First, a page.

Review-Journal advisory board suggests changes to features section

After spending part of an afternoon last week with the Review-Journal’s Reader Advisory Board, I came away thinking we need to make some changes to our features section or risk losing them as readers. I wasn’t the only one. We limited last week’s discussion to the features section because of time constraints, but our new features editor, Stephanie Grimes, filled a notebook.

Some of the staples of our features coverage have been around for years, and panelists suggested we reset our mundane approach or at least rethink how we present them. (To backtrack for a minute, our reader advisory board meets monthly, and is made up of a dozen members from around the valley to critique the R-J’s website and print edition. From the beginning, we asked the panel to be blunt in their assessments. So far, they have not needed any reminders.)

Our weekly garden column, for example, needs to go, they said. It just doesn’t generate much traction. Their view is shared by our online readers, who avoid it in droves. That much we know because we can track the actual readership through the magic of Google Analytics.

Another area of coverage that needs to be retooled involves local theater. The advisory board challenged us to come up with fresh new ways to cover the arts. They favor fewer reviews so we can open up space for other relevant content on the arts. “Don’t back off. Change it up.”

R-J Goes to a Party also needs a facelift. The message was starting to sound familiar: “Yes, we want to know about the important news involving nonprofits, but it has to go beyond the banquet circuit.” The R-J’s coverage comes off as “elitist,” one member said.

Other areas of coverage they would like to see more of:

Technology. Not more tech coverage for the tech savvy. Instead, they would like to see more offerings, for example, on how to make better use of their smart phones or cool apps. Whether such coverage belongs in the feature section or business doesn’t much matter to them; they just want more of it.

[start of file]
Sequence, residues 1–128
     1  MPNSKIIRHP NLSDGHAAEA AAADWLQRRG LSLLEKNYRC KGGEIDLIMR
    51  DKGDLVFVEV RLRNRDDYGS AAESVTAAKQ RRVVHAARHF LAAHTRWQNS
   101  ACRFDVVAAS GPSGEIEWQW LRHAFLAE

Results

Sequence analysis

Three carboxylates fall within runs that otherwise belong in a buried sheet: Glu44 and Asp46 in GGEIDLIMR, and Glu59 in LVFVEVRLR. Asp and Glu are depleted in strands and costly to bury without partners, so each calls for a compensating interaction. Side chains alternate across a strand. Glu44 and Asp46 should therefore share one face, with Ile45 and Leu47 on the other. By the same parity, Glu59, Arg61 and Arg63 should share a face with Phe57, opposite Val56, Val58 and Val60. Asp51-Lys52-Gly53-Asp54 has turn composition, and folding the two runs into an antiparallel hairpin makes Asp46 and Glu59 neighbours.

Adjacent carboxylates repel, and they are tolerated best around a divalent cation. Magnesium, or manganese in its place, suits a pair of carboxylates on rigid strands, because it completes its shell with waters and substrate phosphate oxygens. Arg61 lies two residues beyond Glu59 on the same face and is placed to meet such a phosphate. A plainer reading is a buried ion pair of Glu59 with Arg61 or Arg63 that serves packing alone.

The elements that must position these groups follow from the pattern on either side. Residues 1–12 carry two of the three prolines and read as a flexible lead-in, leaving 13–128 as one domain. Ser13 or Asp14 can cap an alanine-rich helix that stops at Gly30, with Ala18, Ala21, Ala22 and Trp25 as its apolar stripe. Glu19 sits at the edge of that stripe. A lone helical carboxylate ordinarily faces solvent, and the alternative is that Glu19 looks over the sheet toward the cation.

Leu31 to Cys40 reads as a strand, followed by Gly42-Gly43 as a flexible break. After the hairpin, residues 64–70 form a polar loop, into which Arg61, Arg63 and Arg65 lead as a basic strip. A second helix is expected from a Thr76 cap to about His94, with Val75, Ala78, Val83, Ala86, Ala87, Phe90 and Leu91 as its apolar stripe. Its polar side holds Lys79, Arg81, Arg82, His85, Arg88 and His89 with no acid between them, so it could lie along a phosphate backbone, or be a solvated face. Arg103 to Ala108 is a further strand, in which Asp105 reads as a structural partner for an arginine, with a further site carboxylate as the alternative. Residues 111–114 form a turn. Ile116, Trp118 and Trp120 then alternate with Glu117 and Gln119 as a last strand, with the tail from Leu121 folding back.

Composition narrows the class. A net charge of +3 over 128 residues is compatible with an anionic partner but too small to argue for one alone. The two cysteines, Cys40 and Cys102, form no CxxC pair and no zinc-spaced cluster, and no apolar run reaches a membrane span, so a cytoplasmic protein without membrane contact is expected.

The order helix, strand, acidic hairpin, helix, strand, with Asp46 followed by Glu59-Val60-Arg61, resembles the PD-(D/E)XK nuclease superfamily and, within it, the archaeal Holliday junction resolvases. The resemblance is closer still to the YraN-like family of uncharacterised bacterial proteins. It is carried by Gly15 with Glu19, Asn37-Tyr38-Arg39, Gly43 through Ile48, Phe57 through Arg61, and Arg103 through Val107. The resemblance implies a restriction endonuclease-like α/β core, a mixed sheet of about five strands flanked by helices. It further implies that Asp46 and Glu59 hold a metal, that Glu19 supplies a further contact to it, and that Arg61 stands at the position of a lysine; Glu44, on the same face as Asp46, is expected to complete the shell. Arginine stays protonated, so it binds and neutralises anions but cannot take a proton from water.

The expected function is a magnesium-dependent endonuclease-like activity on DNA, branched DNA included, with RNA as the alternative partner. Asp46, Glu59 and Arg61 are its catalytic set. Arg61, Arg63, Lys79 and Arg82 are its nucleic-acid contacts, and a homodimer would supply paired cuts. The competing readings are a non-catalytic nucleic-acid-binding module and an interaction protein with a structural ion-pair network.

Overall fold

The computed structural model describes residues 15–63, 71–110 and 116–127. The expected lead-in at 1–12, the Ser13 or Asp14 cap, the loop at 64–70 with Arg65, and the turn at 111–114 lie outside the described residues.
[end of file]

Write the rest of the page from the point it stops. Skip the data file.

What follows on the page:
Off-strip entertainment. Locals don’t want to limit themselves to the Strip, and our advisory panel suggested we gear more of our entertainment coverage to things they can do away from Las Vegas Boulevard. Their sense is that as Las Vegas has grown, so has its entertainment options for locals, not just tourists.

NEON. They love the Friday section, but it can be improved, too. The advisory board suggested we trim the endless pages of listings that provide little context for readers and replace them with hand-picked suggestions for your “best bets” for that weekend’s entertainment.

Though she’s worked at the R-J since 2013, Stephanie was only named features editor in August. As such, she is not heavily invested in “the way we’ve always done things.” She’s anxious to make some adjustments where they’re needed, especially now that she has been admonished by the advisory panel to shake things up.

“I’m excited about how this went,” she said. “I think the participants were thoughtful and informative, and a lot of what they said was in line with the direction I’d like to take the department … to free ourselves from the constraints placed upon us by the past.”

The month prior, at our September meeting, we spent the session critiquing our website and mobile apps. Part of our process for choosing members of the panel revolved around their preference for reading R-J content on all platforms, not just online and not just print.

We were advised to rethink the display of our home page. There is not enough content on the top half of the page, compared with what follows below it. “Mix it up,” they advised. “We want more choices right off the bat.”

They also suggested we take a page from other publications’ websites and do a better job of providing links to stories related to what they’re reading at the moment, including previously published stories that provide context and perspective.

Finally, they said we should change our clunky options for personalizing their preferences — how we provide alerts and news “flashes.”

They can’t get enough weather coverage, and we should display it more prominently. When it comes to weather, apparently there is no such thing as too much.

The goal of any changes in our website or features section — or any other section — is to increase the readership. Before we make significant changes in the content, we’d like to hear from you, too. Please send your suggestions and participate in an upcoming online survey, which we will promote in print and online.

— Michael Hengel ( is editor of the Review-Journal. He can be reached at 702-387-2906. Follow him on Twitter: @mhengel

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